Dogs Culture
Dogs are pack animals and must learn how to survive as a pack. A lot of people have a missconception that
because dogs are born into human existence, that would make them humanized. That is not at all true. A dog
will learn to potty outside, will learn not to bark when strangers are at the door, will learn to stay off furniture etc.
A dog will never learn not to eat food out of your hand if you present it to them. They will never learn not to growl if
they feel in danger, and they will never learn to not hide under your deck if in a thunderstorm. Where I am going
with this is, a dogs number one instinct is survival. They will never stop paying attention. A human will say, "I am
a dog owner." A dog will think you are his/her leader. As a leader you will provide three things: food, shelter, and
security. A dog will learn to follow someone they trust to provide them those three things. As the trust of the dog
develops, they will learn to follow the rules which allow the dog to stay in the pack. The rules will start in the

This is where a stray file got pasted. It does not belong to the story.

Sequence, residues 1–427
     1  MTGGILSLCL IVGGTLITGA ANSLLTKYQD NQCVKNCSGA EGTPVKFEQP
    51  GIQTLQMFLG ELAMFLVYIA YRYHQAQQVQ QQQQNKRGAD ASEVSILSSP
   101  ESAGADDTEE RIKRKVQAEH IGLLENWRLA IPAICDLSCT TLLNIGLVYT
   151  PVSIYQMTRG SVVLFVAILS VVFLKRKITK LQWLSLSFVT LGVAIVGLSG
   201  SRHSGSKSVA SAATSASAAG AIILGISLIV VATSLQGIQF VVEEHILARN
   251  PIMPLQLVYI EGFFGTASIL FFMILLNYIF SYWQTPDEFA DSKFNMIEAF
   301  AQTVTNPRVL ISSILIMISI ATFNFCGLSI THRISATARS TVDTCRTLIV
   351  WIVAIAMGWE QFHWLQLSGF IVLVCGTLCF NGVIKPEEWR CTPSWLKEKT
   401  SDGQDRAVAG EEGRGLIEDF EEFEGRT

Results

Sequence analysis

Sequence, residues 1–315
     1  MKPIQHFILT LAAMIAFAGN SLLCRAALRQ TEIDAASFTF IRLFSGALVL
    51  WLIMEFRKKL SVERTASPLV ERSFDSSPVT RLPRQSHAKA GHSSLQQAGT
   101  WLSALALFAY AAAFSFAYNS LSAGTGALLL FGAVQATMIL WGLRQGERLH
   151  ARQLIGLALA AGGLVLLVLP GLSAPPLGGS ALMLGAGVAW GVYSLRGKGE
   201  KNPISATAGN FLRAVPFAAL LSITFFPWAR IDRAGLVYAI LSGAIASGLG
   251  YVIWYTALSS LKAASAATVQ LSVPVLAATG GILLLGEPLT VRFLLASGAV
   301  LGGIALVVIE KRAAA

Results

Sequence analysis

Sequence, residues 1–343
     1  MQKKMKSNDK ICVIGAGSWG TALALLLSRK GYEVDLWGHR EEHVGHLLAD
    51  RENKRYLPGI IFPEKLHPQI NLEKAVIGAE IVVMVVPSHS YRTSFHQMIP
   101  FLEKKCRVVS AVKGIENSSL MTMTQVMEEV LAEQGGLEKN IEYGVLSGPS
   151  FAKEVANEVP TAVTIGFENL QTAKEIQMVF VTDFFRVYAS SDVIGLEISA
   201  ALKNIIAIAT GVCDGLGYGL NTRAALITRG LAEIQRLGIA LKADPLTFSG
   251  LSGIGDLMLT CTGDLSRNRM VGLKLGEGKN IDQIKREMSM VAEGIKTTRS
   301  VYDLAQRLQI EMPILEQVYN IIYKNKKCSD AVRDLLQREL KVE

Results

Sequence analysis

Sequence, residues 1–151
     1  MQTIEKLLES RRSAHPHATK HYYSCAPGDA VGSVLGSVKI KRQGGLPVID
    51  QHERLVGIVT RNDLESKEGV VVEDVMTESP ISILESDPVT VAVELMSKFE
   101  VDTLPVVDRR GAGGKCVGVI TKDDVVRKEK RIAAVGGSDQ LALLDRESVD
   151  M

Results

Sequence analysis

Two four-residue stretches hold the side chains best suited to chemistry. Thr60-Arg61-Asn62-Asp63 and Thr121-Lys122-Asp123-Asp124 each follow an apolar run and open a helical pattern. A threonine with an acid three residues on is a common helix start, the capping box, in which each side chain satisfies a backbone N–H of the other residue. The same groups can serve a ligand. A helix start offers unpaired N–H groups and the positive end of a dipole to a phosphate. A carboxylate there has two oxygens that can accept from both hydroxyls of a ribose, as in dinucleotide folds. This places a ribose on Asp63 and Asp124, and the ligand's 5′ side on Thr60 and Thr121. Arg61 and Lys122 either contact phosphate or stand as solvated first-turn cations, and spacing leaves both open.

home and later be carried out in the wild. No, a dog does not know English and that is something we will have
to teach. Dogs do communicate though, and that is done mostly through breath and body language. Through
those two things we can show dogs when we are happy, nervous, scared, mad, or satisfied. Understanding
and using the communication of a dog is the best way to go about teaching words of our vocabulary to them.
And through years of consistent repetition of following the rules of the pack, what started as an employee and
employer relationship will turn into a partnership.
Difference in pointing and retrieving/flushing breeds:

Retrieving breeds need to have a direction to be sent every time they leave your side. They need to be
dependent on you at all times. If they go right it is because they were told to go right. If they go left it is because
they were told to go left. And if they go forward it is because they were told to go forward. A pointing dog has to
be dependent on the pack but independent on how they seek game. The decision making process for a
pointing dog should be allowed to be made on their own. All we can do as handlers is manipulate the pointing
dog to make the same decision that you would.